If you live in the UK and you are in an employed job, chances are you are auto-enrolled into a Defined Contribution pension plan. What does that mean? That means that yourself and your employer are both contributing a set percentage of your wages into a pension plan.
Let’s say your salary is £35,000/year, and both yourself and your employer contribute 4% to your pension pot. That means that £642 goes into the pot each month. Let's, for simplicity, say that you continue this for 40 years, until retirement. You could then be looking at a pension pot of £1,045,240 (assuming a net 4.05% return and adjusting for inflation).
That sounds like a fair projection, right? However, if you are thinking about having children, or if you already do, we need to factor that in as well. Let’s say you would like to have two children. New mothers in the UK take on avg 39 weeks of leave, and unless your employer chooses to pay you more than statutory maternity pay, that sadly means 78 weeks of reduced pension contributions. I was more than a little upset when I realised this!
Let’s look closer at our example to understand how maternity leave can affect your pension. Statutory maternity pay is currently £156.66 per week, or about £680 on an average month, compared, if we continue the example of a £35,000 salary, to your normal take home pay of £2,96167.
Yep, your monthly pay during maternity leave could be almost the same as what normally gets paid into your pension plan!
A pension plan is an incredibly lucrative way to grow your money for two main reasons. One - you don’t pay tax or NI on your pension contributions. And two - it has a long time to grow and compound! Therefore, contributions we make in our 30s (the average age at which a woman becomes a mother is 31 years old, according to ONS, 2022) have decades to grow and will make a big difference to our retirement income.
Carrying on the example of a £35,000 salary - by the time you reach state pension age of 68, you could have lost out on over £17,500 compared to those who don’t have children or receive full pay during parental leave.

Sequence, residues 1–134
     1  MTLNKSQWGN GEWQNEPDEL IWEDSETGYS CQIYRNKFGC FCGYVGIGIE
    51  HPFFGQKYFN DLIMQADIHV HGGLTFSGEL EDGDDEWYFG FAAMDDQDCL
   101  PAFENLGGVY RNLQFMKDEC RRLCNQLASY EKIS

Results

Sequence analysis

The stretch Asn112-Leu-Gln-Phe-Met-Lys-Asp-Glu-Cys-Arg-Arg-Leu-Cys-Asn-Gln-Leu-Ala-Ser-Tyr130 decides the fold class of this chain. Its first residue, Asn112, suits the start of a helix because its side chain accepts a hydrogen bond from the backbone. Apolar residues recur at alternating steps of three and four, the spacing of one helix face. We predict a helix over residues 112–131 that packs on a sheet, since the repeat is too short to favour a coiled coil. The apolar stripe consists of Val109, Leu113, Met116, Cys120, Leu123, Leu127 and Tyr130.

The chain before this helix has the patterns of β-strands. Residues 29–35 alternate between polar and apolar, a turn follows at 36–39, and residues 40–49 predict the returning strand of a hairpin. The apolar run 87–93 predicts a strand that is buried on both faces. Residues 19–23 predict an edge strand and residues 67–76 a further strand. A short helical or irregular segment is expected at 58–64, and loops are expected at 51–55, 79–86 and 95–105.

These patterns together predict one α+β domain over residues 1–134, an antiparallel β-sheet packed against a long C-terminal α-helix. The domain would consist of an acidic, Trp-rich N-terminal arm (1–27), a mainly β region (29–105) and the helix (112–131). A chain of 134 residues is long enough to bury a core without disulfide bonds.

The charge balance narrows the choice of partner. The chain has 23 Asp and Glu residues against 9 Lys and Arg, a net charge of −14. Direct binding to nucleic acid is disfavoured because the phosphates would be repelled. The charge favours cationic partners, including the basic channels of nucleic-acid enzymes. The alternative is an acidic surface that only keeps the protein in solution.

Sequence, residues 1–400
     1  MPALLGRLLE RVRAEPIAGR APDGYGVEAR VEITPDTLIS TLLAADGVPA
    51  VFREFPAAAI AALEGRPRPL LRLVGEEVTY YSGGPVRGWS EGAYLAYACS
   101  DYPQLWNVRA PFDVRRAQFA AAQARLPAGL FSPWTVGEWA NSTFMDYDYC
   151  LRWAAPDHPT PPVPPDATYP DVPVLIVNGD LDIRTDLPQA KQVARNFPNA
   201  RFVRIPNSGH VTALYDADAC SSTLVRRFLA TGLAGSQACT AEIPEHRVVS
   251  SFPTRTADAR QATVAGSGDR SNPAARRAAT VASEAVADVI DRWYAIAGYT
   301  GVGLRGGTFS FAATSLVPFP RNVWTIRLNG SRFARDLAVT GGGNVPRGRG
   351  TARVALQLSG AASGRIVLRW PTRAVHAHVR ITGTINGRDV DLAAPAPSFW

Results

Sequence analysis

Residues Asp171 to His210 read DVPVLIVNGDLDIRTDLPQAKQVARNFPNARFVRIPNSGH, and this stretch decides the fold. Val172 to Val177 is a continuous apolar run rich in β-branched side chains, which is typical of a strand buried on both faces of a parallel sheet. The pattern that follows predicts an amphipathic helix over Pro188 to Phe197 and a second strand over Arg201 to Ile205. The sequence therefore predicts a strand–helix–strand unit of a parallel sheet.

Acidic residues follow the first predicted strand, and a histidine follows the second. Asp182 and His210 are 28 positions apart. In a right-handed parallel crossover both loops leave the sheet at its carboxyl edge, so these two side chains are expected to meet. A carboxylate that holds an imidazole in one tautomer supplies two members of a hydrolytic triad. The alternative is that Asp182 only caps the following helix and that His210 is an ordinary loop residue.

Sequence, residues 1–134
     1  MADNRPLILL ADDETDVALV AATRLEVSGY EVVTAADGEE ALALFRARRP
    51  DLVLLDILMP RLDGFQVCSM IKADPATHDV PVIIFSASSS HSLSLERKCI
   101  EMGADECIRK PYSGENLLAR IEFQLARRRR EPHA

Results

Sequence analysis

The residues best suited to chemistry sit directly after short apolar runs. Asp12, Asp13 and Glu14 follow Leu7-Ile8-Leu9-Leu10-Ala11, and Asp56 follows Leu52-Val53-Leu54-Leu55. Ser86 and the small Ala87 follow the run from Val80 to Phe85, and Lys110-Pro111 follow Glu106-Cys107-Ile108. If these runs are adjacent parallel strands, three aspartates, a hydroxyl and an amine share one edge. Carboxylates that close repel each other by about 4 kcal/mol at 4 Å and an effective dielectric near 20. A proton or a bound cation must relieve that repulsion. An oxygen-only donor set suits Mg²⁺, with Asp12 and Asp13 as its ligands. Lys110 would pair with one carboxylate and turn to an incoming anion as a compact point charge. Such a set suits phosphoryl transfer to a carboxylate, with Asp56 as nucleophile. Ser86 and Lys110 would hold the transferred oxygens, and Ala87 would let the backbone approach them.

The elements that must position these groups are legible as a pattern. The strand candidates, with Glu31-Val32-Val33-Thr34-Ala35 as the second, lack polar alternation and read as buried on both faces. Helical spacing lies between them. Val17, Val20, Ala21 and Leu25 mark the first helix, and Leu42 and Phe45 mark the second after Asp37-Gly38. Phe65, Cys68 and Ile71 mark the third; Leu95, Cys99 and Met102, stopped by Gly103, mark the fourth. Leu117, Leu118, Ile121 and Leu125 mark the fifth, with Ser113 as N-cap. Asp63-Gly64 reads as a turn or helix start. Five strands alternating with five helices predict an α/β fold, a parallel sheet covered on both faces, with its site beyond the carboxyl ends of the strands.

So, and this is the important part of this blog: what can we do about it? How can we minimise the negative impact parental leave has on our pension? The first thing to do is to find out what your employers parental leave policy is, and find out if there's any scope to negotiate better parental pay or pension contribution by your employer. Secondly, consider increasing your pension contribution, even by 1%, to offset periods with lower contributions.
Remember: if you want children, starting a family is one of life's most magical experiences. A reduced pension plan should not put you off this, but it is still important to understand how becoming a parent can impact you financially so you can make the right choices for you.
Disclaimer: In this example, I have used an annual salary of £35,000 throughout a 40 year career, adjusting salary for a 2% inflation rate. I have not specified when in the example one would have children and this would affect the calculation. I have used 4.05% annual growth, based on FCAs recommended intermediate return rate of 5% minus 0.95 for platform fees and fund fees which will vary as well. Some of these calculations are run during the final stages of pregnancy so please forgive any occurrences of inaccuracy.